You have a minor, druggie-type character named Hank in Looking For Alaska . Any relationship to your brother?
None whatsoever. The only two things we know about the Hank in "Alaska" is that he plays basketball and smokes pot. So far as I know, my brother Hank has never done drugs, nor has he ever used a basketball.

What interview question do you most wish you'd be asked but never have? And what's your answer?
Oh gosh, I don't know. I'm not a very good interviewer, so I can never come up with good questions.

Although I [Sheryl] don't like either of these men, one of my favorite interview question and answers ever was when Tom Cruise asked James Lipton what turns him on and he said, "Words." What turns you on (in a completely Tom Cruise/James Lipton way, not in a "Letters to Penthouse" way)?
Tom Cruise turns me on. Just kidding. I think the true answer is people's voices.

Is there anything you would like to ask us?
What classics haven't y'all read? I feel like the humiliation should be shared here!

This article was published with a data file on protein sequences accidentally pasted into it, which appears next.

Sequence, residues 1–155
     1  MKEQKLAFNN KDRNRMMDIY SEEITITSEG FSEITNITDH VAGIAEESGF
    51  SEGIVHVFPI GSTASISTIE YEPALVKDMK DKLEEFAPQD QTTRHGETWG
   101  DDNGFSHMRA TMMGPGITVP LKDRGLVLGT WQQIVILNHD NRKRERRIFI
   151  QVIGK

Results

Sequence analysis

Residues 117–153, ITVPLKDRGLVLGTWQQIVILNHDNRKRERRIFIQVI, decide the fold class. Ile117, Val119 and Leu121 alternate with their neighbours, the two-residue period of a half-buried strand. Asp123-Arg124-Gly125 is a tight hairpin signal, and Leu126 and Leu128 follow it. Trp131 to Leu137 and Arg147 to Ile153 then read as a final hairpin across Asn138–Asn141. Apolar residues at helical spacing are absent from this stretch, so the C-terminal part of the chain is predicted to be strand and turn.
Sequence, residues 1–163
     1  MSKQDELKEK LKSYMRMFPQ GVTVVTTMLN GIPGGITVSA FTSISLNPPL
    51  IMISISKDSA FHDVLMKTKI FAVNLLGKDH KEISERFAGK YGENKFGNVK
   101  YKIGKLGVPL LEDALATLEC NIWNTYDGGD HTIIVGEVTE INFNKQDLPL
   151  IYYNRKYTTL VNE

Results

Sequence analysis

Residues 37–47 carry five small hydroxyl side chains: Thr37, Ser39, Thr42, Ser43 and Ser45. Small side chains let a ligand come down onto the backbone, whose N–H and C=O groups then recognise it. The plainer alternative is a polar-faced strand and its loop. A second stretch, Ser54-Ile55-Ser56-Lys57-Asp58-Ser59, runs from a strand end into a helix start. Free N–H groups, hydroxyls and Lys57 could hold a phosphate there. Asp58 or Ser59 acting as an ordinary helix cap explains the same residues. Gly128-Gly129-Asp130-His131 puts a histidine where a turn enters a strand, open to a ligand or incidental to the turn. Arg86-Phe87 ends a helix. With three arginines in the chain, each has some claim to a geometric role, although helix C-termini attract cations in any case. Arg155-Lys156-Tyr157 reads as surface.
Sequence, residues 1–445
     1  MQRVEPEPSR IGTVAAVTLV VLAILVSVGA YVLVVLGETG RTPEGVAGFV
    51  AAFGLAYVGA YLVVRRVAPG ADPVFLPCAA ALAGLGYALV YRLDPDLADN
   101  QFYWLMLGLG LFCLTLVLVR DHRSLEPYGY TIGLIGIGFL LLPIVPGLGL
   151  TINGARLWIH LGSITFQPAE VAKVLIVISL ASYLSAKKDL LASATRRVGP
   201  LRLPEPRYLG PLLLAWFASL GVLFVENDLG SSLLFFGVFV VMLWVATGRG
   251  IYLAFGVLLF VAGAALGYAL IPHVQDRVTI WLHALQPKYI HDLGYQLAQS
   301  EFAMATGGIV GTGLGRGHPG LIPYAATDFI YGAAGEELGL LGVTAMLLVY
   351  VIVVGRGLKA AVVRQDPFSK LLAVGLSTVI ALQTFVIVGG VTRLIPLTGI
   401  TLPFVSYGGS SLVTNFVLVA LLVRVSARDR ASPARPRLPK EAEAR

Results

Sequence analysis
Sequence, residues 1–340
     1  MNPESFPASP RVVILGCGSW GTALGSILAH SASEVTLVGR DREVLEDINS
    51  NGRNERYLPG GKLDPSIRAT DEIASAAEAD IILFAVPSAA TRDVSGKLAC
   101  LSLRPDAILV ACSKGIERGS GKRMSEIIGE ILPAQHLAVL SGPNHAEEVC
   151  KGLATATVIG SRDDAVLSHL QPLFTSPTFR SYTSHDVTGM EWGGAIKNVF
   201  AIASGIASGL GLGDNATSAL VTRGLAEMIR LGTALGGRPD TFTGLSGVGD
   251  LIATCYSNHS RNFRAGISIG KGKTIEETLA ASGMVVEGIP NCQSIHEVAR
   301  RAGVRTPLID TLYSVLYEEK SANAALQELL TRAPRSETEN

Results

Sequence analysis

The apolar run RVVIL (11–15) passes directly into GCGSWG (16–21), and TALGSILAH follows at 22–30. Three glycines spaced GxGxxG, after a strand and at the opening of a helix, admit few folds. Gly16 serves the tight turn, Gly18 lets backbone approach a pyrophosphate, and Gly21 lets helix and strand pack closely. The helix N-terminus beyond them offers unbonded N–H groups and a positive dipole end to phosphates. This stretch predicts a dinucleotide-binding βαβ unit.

Sheryl - My guiltiest unread book and the one I most want to read but haven't is Animal Farm.
Holly - I don't really feel guilty about any of the great "classics" that I haven't read. However, I keep meaning to read Watership Down and Catch-22 (but I am having too much fun reading YA novels).
Cody - The Bible

By the way, if you haven't checked it out yet, John and his brother Hank have an awesomely hilarious video blog going at Brotherhood 2.o!


Sheryl said...

I'm extremely impressed and surprised that JG replied to us so quickly, considering his trip to the Netherlands and now his moving.

BTW, don't know if I've mentioned this here before, but two of my former HS students performed LFA for UIL competition and one of them won 1st place at district with it this year (he had to use his other piece in finals at regional). It's hard to cut a novel into a 7-minute performance.

I need to get on the TLA YART so I can get my YA author blogging panel for TLA in 2009. Want to do it with me, Holly?

Anonymous said...

thank! for this news it's a good infomation !